You might not notice her, the 84-year-old woman, casually dressed and milling about the jewelry section of a department store. What you would not immediately realize, unless you’d see the lengthy documentary concerning her lengthy criminal career, is that she is a professional jewel thief, one of the best in the world. Recently, she was released from prison and was arrested again for trespassing in a department store in San Francisco. How was she caught, you may ask? The clerk, who’d seen the numerous news reports and the documentary, recognized her. It is reported that, upon being asked if she was the famous jewel thief on the news, the elderly lady simply winked.
The woman in the above-mentioned story was on probation for having stolen a 10-karat diamond ring from Cartier. Because of the value of the ring, it was considered burglary and grand theft. In the state of California, burglary and theft are considered two separate crimes. Burglary (CA Penal Code 459) is considered to have occurred when a person enters into a building or other structure intending to take property that does not belong to them. This particular crime is a ‘wobbler,’ meaning that it could be treated either as a felony or as a misdemeanor, depending on the specific facts of the crime and the past criminal record of the person who has allegedly committed it.
When a burglary is committed in any structure that is not considered residential (like a department store or a place of business), then it is considered ‘second degree burglary.’ If convicted of a misdemeanor offense of this kind, you could spend up to 1 year in county jail and pay up to $1,000 in fines. However, if the value of the property stolen exceeds $950, then it will likely be considered a felony offense; then, you can expect to spend up to 3 years in county jail and, perhaps, a $10,000 fine.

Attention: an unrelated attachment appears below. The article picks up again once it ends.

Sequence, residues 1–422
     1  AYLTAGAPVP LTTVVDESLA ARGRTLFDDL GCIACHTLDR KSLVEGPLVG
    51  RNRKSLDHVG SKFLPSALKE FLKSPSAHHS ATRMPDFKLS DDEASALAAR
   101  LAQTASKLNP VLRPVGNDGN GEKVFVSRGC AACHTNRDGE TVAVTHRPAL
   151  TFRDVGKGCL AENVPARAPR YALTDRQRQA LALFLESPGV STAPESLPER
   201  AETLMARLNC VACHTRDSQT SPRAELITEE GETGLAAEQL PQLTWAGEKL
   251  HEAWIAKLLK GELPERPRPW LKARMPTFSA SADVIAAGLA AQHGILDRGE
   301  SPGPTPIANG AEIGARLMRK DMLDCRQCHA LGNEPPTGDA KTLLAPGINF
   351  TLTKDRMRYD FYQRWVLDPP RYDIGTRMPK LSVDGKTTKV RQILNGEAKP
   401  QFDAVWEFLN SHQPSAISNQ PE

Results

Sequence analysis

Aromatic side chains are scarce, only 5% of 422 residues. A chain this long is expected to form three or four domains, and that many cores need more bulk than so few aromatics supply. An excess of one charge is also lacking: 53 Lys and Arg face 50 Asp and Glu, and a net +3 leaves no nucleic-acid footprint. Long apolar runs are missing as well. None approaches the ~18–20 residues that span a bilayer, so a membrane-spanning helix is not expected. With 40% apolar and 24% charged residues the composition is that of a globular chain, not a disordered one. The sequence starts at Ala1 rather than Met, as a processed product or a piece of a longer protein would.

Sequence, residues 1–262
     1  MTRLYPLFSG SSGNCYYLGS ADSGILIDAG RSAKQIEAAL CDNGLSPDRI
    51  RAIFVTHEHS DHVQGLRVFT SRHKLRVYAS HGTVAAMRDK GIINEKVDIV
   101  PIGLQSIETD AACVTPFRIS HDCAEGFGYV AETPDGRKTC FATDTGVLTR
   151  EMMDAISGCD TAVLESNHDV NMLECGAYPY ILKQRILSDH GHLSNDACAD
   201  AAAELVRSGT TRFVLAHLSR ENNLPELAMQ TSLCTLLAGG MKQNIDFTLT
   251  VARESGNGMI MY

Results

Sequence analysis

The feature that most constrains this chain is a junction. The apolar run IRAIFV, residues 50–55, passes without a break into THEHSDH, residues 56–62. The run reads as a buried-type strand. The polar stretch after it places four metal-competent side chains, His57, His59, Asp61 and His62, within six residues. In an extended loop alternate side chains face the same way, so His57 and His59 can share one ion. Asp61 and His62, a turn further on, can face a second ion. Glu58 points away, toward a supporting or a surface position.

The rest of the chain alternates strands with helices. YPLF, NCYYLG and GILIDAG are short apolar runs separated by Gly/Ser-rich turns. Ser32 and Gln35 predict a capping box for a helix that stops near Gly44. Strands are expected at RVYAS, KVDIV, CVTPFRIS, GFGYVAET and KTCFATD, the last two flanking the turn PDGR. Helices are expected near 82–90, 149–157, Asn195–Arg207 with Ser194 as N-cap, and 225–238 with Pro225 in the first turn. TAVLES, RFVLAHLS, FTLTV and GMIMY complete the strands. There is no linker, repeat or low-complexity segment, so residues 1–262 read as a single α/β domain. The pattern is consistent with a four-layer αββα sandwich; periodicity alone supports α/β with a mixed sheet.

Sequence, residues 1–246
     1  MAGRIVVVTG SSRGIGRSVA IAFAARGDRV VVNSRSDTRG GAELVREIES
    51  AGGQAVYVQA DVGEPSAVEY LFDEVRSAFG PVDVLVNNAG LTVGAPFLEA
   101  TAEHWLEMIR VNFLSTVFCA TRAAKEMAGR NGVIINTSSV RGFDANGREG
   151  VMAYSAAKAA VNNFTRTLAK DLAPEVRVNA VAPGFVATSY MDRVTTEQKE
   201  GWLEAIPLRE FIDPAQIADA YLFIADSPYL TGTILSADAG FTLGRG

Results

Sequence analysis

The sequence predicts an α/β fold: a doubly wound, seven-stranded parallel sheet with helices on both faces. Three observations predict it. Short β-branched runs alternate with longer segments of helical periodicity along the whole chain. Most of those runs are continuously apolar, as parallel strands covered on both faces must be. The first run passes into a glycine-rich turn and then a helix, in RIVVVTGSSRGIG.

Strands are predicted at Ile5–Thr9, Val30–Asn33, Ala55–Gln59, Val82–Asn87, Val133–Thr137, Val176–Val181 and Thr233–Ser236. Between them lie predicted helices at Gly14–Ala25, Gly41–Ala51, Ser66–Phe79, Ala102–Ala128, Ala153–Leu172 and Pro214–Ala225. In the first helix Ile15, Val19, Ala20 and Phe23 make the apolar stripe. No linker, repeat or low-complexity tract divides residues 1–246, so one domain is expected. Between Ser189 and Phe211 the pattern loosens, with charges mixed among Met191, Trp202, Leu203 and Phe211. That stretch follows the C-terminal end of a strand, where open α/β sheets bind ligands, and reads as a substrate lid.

The crime of ‘grand theft,’ however, might also apply, depending on the circumstances (CA Penal Code 487). This crime is also a wobbler: a misdemeanor grand theft conviction could mean 1 year in county jail and a felony violation of the same law could mean up to 3 years in county jail.
In California, there are different types of domestic violence. Unfortunately, domestic violence is far more common than many people realize, and it is critical to understand the different categories into which domestic violence might fall. For example, some people might be involved in physical abuse, while others may be in emotional or sexual abuse. Intimate […]
You probably realize your life has significantly changed if you have been charged and convicted of domestic violence. You may be facing punishment from the court system, but you might be able to mitigate that punishment if you are willing to take domestic violence classes. The reality is that the justice system focuses just as […]
Domestic violence is a problematic situation. Numerous cases of domestic violence take place within a family unit. As a result, the legal process can be messy. In some situations, someone may accuse a family member of domestic violence, only to try to recant their statement later. What does this mean? How is a domestic violence […]